The number of (mostly Muslim) illegal aliens from Bangladesh jumping the border to sneak into the U.S. is on pace to double in the Laredo region of Texas, officials said, in what is the latest worrying surge of migration from a country with terrorism dangers.
Breitbart The illegal aliens pay up to $27,000 to international smuggling organizations to ferry them from Asia into the western hemisphere, where they make their way up through Central America and Mexico to the U.S. border, where they’re led across the Rio Grande.
Border Patrol agents in South Texas arrested nearly 300 Bangladeshi nationals for illegally crossing the border from Mexico during the first six months of Fiscal Year 2018. Border Patrol officials say the Bangladeshis make their way to Texas via a cartel-connected smuggling pipeline.
In two separate incidents over the weekend, Border Patrol agents in the Laredo Sector arrested nine young men from Bangladesh. They crossed the Rio Grande River boundary from Nuevo Laredo to South Laredo, according to information obtained by Breitbart Texas from Laredo Sector officials.
The Laredo Sector leads the nation in the apprehension of Bangladeshi nationals who illegally cross the border. So far this year, the Laredo Sector arrested 200 Bangladeshis — all men who are mostly between the ages of 18 and 35, officials told Breitbart Texas in an interview earlier this month.
Officials in the Rio Grande Valley Sector confirmed to Breitbart Texas that their agents apprehended an additional 76 Bangladeshi nationals for the current fiscal year. This brings the total in South Texas to 276.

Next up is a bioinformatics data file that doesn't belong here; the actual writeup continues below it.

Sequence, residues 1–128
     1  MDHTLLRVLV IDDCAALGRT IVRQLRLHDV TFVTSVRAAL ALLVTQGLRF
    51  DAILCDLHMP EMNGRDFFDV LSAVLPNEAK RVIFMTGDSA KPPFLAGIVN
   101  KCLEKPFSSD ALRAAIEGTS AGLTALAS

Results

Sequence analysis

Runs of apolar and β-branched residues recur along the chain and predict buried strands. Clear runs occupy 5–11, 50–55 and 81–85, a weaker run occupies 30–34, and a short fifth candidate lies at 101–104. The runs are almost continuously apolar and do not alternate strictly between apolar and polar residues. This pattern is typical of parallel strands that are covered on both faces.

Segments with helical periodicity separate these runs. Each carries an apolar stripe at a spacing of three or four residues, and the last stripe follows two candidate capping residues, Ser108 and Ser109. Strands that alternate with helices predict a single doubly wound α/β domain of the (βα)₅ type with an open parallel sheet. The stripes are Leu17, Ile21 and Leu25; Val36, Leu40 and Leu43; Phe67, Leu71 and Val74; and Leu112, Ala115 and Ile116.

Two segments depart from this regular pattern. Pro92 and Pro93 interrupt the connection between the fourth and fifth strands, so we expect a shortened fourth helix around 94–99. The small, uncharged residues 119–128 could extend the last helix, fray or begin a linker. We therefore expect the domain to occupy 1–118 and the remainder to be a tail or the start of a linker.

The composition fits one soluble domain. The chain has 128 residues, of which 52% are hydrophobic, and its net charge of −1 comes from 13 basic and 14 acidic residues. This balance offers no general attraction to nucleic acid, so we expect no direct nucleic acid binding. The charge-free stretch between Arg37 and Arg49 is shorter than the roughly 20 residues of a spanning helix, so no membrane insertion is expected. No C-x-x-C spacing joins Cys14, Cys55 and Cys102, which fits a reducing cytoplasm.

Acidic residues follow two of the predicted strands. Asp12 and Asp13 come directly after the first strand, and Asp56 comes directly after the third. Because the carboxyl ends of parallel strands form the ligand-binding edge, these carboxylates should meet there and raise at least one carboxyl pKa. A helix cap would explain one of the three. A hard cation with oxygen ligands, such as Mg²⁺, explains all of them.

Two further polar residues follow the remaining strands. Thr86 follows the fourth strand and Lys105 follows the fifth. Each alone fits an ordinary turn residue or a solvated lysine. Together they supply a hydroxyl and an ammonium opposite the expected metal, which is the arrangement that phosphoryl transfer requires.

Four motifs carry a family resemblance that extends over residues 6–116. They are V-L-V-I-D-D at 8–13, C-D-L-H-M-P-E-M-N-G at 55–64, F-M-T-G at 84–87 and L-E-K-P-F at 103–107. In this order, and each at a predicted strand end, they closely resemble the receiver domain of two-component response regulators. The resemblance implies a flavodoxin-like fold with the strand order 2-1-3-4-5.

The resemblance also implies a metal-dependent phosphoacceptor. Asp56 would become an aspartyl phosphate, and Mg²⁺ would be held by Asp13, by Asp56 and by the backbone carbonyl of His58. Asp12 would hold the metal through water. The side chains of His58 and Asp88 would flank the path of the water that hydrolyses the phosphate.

“When we talk about the different groups that are crossing into an area, what we’re trying to draw attention to is a more comprehensive look at our threat picture,” Acting Chief Patrol Agent Jason D. Owens told Breitbart Texas during a recent phone interview. “We need to stay away from just focusing on the family units and Unaccompanied Alien Children that are coming from Central America and Mexico. What the men and women of the U.S. Border Patrol are dealing with on a daily basis is so much more complex than that.”
“You have to look not only at the numbers of folks coming across in our Area of Responsibility (AOR),” Owens explained, “but also, who they are and where they’re from because that very much affects how we meet the threat.”
Bangladesh has been described by many as a hotbed of terrorist activity. In March 2017, the British government issued a travel advisory for Bangladesh to its citizens warning of potential terror attacks. The warning cited several incidents of terrorist activity in the months leading up to the travel advisory’s issuance. In 2016, CNN and The Economist spotlighted terrorist activity in Bangladesh.
Border Patrol officials contact members of the FBI’s Joint Terrorism Task Force each time a Bangladeshi national is arrested, Acosta said. From there, they are turned over to U.S. Immigration and Customs Enforcement officers for processing.
Assistant Chief Acosta explained further. “Because of the ‘credible fear’ law and the coaching received by the Bangladeshis from the TCOs, ERO officers will issue a notice to appear for a future immigration hearing. “In many cases, we will never see them again,” he said.
In December 2017, Breitart News’ John Binder reported that more than 140,000 Bangladeshi nationals have entered the U.S. since 2005. This is more than the entire population of Dayton, Ohio, he wrote. Most of these entered through the “chain migration” system President Donald Trump is seeking to end.
One of those, 27-year-old Akayed Ullah, allegedly injured himself and three others when he exploded a homemade bomb in New York City, Breitbart News reported.